Top Five Predictions For Whistleblower Programs; Blockbuster Year Expected Despite Intense Corporate Opposition
The increased reach of U.S. whistleblower laws and a growing interest overseas in whistleblower programs will make 2012 the Year of the Whistleblower, predicts Phillips & Cohen LLP, a law firm that has specialized in representing whistleblowers for nearly 25 years.
A harbinger of the year to come can be seen in the flood of whistleblower submissions the Securities and Exchange Commission received in the first seven weeks after it adopted the final rules for its new program whistleblower reward program created by the Dodd-Frank Act. From August 12 to Sept. 30, the SEC received 334 whistleblower submissions.
As a result of Dodd-Frank, the U.S. now has four robust whistleblower programs that offer substantial rewards to private citizens who expose fraud against the government, investor fraud and foreign bribery by corporations: The SEC’s and the Commodity Futures Trading Commission’s programs created by Dodd-Frank; the Internal Revenue Service’s whistleblower reward program for claims exceeding $2 million; and one for Medicare fraud, defense contractor fraud and other types of fraud through the “qui tam” (whistleblower) provisions of the False Claims Act.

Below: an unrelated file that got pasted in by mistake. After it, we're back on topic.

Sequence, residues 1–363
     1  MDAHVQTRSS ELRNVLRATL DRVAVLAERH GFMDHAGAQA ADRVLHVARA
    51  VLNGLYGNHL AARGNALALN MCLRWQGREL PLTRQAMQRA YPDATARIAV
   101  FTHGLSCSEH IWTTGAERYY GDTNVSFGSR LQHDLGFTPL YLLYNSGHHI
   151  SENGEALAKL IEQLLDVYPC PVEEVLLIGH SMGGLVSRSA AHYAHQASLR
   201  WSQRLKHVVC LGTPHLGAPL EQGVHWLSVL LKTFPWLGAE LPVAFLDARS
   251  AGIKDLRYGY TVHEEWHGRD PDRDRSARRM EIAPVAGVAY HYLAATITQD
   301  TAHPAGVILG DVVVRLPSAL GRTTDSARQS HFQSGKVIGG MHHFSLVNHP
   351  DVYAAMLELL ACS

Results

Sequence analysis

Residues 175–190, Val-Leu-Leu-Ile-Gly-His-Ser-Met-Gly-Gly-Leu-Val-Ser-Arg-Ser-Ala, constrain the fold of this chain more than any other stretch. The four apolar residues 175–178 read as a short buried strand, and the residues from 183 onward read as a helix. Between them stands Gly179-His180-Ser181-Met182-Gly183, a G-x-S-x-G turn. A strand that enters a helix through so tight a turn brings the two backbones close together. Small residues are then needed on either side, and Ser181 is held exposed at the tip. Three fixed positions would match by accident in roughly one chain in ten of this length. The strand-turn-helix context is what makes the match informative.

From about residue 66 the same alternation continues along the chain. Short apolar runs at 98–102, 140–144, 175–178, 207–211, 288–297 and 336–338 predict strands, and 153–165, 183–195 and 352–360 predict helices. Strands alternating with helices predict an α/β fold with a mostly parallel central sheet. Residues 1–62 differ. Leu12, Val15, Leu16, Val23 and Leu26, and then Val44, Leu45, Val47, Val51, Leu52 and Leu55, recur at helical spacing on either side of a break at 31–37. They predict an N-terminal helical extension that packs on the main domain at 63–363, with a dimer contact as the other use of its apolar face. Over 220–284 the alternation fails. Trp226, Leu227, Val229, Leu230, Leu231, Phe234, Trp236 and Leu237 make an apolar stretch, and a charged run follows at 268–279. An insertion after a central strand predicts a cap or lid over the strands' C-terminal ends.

“The SEC and CFTC quickly recognized the value of whistleblowers and are very responsive to the information whistleblowers provide,” said Erika A. Kelton, a whistleblower attorney with Phillips & Cohen in Washington, DC. “These new programs, which are attracting high-quality information from insiders around the world, combined with the responsiveness of government agencies, will make 2012 a blockbuster year for securities and fraud enforcement. Early success also will make it difficult for Congressional opponents to dilute the highly effective SEC whistleblower program.”
Eric R. Havian, a whistleblower attorney with Phillips & Cohen in San Francisco, said he expects the five-year-old IRS program, which so far has yielded few results, to get back on track in 2012.
“The IRS has indicated that it expects to make a number of awards in 2012 and make its program more transparent so that it’s clearer whether the IRS is following up on whistleblower information,” Havian said. “Those developments, combined with the outstanding track record the IRS for protecting the identity of whistleblowers, will encourage more high-level executives to come forward with information about substantial tax law violations.”
Phillips & Cohen pioneered the use of “qui tam” whistleblower cases under the modern-day False Claims Act and is a leader in whistleblower cases brought under the False Claims Act as well as the IRS, SEC and CFTC whistleblower reward programs. Whistleblower cases brought by the firm have resulted in governments recovering more than $7 billion in civil settlements and criminal fines, making it the nation’s most successful whistleblower firm. (See
To read Phillips & Cohen’s Top Five predictions about whistleblower programs in 2012, see its website.
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